The bound New York Times Index and microfilm additionaly cannot be so easily written off because of a recent United States Supreme Court Decision in a case brought by  freelance writers who had contributed to the New York Times in the 1990s. The suit accused the paper of copyright infringement upon their work. In 2001 the Court ruled in New York Times Company, INC., ET AL.  v. Jonathan Tasini, ET AL. in the writers' favor. As a result portions of the New York Times archive were removed and are prevented in the present from being included online. The response of the New York Times to the Supreme Court decision can be found here .
   
Has the bound version of the New York Times Index and the physical search of microfilm become obsolete as online-based alternatives advance in comprehensive development? No, they have not. Historians still need libraries. Issues around legality and index methodolgy still constrict certain resources. However the continued necessity of the library does not undermine the easy and powerful tool that databases like the online New York Times Archive provide to us all.


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More Comments:


Beth Maser - 2/26/2007

Here is one argument for keeping the microfilm version of the NYT that NEITHER the print or online databases index. These two things come to mind...Advertisements and classified advertising. It is essential to keep the microfilm versions of the NYT for these reasons alone. I have specialized in manual newspaper searches for years and I cannot tell you how man times I have had to search various newspapers for specific advertisements for litigation, or have had to search past help wanted advertisements for certain types of jobs.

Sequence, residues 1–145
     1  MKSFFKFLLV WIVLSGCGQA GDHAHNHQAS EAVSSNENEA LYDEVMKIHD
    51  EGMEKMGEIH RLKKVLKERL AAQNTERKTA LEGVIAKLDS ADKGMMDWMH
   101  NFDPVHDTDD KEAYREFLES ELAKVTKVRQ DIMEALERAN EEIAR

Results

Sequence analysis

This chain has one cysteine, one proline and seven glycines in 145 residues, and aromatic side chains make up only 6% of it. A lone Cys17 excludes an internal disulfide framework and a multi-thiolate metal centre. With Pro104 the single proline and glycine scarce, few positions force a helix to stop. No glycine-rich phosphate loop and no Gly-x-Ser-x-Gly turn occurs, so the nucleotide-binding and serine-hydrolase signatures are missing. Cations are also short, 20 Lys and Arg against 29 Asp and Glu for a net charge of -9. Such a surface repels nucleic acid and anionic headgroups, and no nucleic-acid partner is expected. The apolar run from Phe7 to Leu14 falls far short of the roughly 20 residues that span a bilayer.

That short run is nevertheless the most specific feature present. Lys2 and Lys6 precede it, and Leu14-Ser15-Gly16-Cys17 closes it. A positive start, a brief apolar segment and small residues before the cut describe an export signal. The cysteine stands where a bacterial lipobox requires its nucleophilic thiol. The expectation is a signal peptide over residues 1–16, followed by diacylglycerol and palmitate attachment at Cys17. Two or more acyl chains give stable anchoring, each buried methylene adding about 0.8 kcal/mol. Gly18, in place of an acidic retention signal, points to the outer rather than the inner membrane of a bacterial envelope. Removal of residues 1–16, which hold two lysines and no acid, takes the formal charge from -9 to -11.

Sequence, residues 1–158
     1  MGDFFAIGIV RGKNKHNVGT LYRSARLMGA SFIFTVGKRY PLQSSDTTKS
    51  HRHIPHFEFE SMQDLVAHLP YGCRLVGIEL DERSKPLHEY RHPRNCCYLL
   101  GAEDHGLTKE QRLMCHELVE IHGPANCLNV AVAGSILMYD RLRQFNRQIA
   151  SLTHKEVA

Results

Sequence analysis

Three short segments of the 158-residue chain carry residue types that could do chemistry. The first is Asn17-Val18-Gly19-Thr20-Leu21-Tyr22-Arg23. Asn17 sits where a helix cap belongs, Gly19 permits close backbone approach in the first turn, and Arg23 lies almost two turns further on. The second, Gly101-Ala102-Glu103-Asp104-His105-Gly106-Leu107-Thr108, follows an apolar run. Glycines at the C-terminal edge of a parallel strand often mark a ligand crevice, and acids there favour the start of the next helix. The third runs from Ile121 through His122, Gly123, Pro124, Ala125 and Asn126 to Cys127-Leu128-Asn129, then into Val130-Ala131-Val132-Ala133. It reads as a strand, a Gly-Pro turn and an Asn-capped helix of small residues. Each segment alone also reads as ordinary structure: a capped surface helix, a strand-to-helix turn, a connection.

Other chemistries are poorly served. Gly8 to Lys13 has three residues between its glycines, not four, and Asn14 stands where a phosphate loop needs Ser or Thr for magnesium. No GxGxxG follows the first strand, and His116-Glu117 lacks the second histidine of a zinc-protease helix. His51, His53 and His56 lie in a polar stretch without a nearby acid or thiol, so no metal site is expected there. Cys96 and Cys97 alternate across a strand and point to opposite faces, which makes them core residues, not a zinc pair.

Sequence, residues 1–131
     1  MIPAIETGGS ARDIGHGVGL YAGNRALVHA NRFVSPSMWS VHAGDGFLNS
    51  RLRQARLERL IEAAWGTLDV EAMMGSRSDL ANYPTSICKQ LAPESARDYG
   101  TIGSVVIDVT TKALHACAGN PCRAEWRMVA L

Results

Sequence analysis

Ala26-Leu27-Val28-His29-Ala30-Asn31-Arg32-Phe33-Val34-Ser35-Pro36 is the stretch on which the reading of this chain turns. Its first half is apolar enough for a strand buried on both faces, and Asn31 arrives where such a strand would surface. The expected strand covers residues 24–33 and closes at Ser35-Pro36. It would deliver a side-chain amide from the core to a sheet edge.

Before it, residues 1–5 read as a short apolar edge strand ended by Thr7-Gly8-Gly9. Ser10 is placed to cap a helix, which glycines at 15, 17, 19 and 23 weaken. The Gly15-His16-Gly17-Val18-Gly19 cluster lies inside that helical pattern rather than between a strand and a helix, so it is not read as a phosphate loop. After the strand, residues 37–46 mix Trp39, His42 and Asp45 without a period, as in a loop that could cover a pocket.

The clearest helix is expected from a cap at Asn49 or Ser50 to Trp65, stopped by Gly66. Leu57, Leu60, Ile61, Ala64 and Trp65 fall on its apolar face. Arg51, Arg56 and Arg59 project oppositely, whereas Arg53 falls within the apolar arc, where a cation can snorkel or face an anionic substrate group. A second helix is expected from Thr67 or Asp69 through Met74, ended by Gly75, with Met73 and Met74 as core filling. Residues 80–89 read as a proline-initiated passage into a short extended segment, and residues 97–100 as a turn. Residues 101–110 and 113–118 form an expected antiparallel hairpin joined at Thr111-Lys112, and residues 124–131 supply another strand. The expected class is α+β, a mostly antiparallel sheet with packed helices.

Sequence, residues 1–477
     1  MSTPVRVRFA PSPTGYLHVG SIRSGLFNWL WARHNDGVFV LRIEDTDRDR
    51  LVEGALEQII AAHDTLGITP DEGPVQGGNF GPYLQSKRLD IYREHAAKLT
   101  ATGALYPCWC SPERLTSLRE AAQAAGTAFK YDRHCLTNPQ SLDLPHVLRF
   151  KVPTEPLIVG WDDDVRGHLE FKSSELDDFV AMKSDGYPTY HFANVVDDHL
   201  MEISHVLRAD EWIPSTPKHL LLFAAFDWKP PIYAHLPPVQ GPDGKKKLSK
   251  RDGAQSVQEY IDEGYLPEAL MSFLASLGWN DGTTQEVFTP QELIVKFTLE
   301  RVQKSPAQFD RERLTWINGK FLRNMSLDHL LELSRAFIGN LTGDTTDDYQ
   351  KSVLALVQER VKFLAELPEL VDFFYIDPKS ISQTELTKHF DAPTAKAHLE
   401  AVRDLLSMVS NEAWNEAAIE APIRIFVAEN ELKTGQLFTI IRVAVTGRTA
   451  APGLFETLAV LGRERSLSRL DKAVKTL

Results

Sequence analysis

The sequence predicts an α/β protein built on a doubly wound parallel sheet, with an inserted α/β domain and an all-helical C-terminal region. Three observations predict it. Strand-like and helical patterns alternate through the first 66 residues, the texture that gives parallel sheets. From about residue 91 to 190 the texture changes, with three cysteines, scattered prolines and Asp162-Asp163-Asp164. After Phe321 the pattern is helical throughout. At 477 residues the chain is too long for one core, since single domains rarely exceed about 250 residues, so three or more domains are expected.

In this case, no index, print or online is helpful to me. I still have to search each page by hand.


Oscar Chamberlain - 2/22/2007

My thanks to Thomas and to all of the others here for the information. It's helped me materially.

I've also passed it on to our reference people (who, I am happy to say, have worked with the history department here on a number of projects).

A question: does any organization have an committment to doing or collecting reviews of data bases and their search engines? A single source for reviews such as this would be wonderful.


Alonzo Hamby - 2/19/2007

Both responses to this fine article are apt. I'll throw in an example from my own experience.

Try using New York Times Historical (Proquest) to look for "Franklin Roosevelt" during the year 1911. You come up with nothing. Just enter "Roosevelt" and you will be overwhelmed with many references to Theodore Roosevelt as well as a few to Franklin.
Enter "F.D. Roosevelt" (the way he is referred to in the newspaper text) and you will get a response. Look for "Roosevelt, Franklin D." in the paper index, and you will find him.
My own conclusion: the paper index is still essential. Don't let your library throw it out. And don't let your library stop its microfilm subscription either. The microfilm lets you see a whole page, provides context, and facilitates serendipitous discoveries. Proquest gives you an isolated article.
A final thought: It is unfortunate but true that many reference librarians have not the slightest idea about how historical research is actually conducted.


Edwin Moise - 2/19/2007

I believe the reason for the false negatives (cases in which an online search for a keyword will fail to turn up some articles from the New York Times in which the keyword actually appeared) is that the search engine does its searching in a database that was compiled by computer scanning of the articles. The type in the New York Times is often unclear, and computers do not scan it very accurately. If the computer scanning an article read "Chiang Kai-shek" as "Chlang Hai-shek" it will not report a hit when you scan for "Chiang Kai-shek". Your chances are better if you choose keywords that will have appeared more than once in any article on the subject you are looking for. The computer will report a hit if the keyword was scanned accurately in at least one of the places where it appeared. I have found articles containing the place-name "Peiping" that did not show up on a keyword search for "Peiping", by doing a keyword search for "China".


Sterling Fluharty - 2/19/2007

Thanks for the review. Thing can get even more complicated than you described. Some topics will be listed under multiple synonyms. The terminology for many racial/ethnic groups has changed over time. One of the nice things about the paper index is that it will often list cross-references. When you conduct searches online, the database does not notify you if there are cross-references available that would yield additional relevant results. These are just a couple of reasons why I think you are right about needing to still use the old index with the new technology.